From AAS NOVA : “Observing ‘The Accident’- an Enigmatic Brown Dwarf”



2 July 2021
Susanna Kohler

Artist’s illustration of a Y-type brown dwarf. [NASA/JPL-Caltech (US)]

It’s human nature to try to categorize the things we observe in the universe. But what happens when something doesn’t fit into the neat categories we’ve established? A new study explores one such object: an especially perplexing brown dwarf.

Brown dwarfs are intermediate in size between the largest planets and the smallest stars. [NASA/JPL-Caltech/UCB]

A Hidden Population

Brown dwarfs — substellar objects that aren’t massive enough to fuse hydrogen in their cores — are an intriguing population. Not quite stars and not quite planets, these objects occupy an uneasy in-between space that’s worth studying further.

But the coldest brown dwarfs — which fall into spectral category Y and have effective temperatures below ~450 K — are a challenging population to study! These chilly objects don’t emit much light, and what little they do radiate is concentrated in the infrared near 5 µm. These objects are therefore difficult to observe from the ground, so we rely on space-based missions to discover the faint light from these objects.

An Accidental Find

Thus far, we’ve managed to detect around 50 of these cold Y dwarfs. To better categorize them, we plot them on color–color and color–magnitude plots to compare their brightnesses at different wavelengths. A recent discovery, however, isn’t behaving as expected.

WISE 1534–1043 nicknamed “The Accident” when it was found serendipitously in a field imaged by the Wide-field Infrared Survey Explorer, is a lone brown dwarf speeding across the sky.

An article led by J. Davy Kirkpatrick (California Institute of Technology (US)) now presents new, follow-up observations of this puzzling object collected with the Hubble Space Telescope and with the Keck Observatory in Hawaii.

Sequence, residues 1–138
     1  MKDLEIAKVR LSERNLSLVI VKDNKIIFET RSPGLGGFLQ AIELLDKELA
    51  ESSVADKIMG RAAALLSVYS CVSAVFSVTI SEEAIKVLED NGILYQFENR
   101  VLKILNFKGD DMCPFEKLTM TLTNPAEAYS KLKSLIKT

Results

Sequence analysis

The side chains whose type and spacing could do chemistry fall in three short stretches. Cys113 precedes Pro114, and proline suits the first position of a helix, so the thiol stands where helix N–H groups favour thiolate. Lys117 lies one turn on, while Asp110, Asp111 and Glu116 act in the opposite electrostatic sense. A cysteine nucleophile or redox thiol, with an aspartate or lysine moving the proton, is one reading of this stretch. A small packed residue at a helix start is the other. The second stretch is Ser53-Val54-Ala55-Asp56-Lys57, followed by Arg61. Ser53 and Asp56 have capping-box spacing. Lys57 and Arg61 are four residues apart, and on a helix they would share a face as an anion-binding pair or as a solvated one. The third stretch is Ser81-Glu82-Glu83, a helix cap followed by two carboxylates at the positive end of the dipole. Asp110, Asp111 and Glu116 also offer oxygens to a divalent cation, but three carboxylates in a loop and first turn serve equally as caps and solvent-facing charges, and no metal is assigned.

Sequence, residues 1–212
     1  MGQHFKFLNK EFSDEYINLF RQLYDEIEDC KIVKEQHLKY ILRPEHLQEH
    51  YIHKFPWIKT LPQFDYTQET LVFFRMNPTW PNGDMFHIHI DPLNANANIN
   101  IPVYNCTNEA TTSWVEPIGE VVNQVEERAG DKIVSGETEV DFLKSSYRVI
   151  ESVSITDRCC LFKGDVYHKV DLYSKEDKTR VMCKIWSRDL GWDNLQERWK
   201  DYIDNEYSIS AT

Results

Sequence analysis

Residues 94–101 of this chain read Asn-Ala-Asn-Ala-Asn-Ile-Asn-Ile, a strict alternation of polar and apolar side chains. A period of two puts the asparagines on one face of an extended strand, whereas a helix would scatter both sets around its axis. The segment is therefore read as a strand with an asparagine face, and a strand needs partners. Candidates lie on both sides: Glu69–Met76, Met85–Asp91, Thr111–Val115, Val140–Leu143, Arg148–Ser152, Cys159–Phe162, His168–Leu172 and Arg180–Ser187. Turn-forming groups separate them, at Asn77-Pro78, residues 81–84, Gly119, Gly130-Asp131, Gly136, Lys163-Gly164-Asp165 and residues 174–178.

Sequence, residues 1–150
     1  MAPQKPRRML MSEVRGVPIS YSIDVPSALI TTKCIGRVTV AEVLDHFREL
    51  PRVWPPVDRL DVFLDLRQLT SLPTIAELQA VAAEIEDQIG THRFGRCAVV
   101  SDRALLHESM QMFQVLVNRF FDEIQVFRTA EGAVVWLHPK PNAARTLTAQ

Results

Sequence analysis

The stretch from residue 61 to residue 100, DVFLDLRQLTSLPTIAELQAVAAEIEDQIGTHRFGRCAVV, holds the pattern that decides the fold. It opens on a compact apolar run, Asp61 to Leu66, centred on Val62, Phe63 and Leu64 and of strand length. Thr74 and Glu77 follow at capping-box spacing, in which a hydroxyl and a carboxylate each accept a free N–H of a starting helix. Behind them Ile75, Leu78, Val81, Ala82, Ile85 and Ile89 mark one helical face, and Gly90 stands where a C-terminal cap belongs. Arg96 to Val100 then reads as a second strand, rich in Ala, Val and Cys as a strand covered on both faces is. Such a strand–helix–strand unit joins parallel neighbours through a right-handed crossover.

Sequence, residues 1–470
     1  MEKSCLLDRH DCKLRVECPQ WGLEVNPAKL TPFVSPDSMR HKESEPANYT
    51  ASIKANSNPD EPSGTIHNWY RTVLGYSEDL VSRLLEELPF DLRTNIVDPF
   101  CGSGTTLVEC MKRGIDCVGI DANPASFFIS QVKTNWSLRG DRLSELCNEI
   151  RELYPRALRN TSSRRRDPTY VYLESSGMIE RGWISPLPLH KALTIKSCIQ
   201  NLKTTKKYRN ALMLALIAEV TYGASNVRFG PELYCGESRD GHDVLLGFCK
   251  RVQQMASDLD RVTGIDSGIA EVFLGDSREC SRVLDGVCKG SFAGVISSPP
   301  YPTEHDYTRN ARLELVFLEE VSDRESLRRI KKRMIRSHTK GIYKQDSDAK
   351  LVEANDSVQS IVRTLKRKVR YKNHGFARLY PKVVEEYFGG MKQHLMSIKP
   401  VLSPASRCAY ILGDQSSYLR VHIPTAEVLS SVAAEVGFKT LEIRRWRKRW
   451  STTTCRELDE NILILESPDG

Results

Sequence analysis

Color–color (top) and color–magnitude (bottom) plots exploring WISE 1534–1043’s photometric properties (red data points, plotted using two different models) show that its behavior is unique among known, nearby, cold brown dwarfs. [Adapted from Kirkpatrick et al. 2021]

Defying Categorization

These new observations pinpoint WISE 1534–1043’s location — just ~50 light-years away — and confirm its bizarre observational properties. Looking at the color–color and color–magnitude plots to the right, it’s clear that WISE 1534–1043 lies in a quadrant entirely on its own.

Measurements of The Accident’s absolute brightness at different wavelengths are all in line with the coldest known Y dwarfs. But its relative colors (as shown by the W1 – W2, ch1 – ch2, and J – ch2 measurements in the plots) and magnitudes fall entirely outside of the range of known brown dwarfs.

Identity Options

What could be the explanation for these enigmatic properties? Kirkpatrick and collaborators use their observations to consider four possible identities for The Accident:

An extremely low-metallicity, old, cold brown dwarf
An extremely low-mass, low-gravity, young brown dwarf
An ejected exoplanet
An ultracold stellar remnant (like a white dwarf or an exotic ablated stellar core)

Of these options, the authors determine that the first is the most likely. If WISE 1534–1043 is old and remarkably low-metallicity, then the outer layers of its atmosphere would have decreased opacity, allowing us to see deeper into it and potentially explaining the unusual photometric properties. This could mean that The Accident represents the first known Y-type subdwarf — a brand new category of star.

“Verification, refutation, or further befuddlement” should be possible in the future with observations from the upcoming James Webb Space Telescope, suggest the authors. In the meantime, the refusal of objects like The Accident to fit neatly into boxes continues to keep us on our toes!


“The Enigmatic Brown Dwarf WISEA J153429.75-104303.3 (a.k.a. “The Accident”),” J. Davy Kirkpatrick et al 2021 ApJL 915 L6.

See the full article here .


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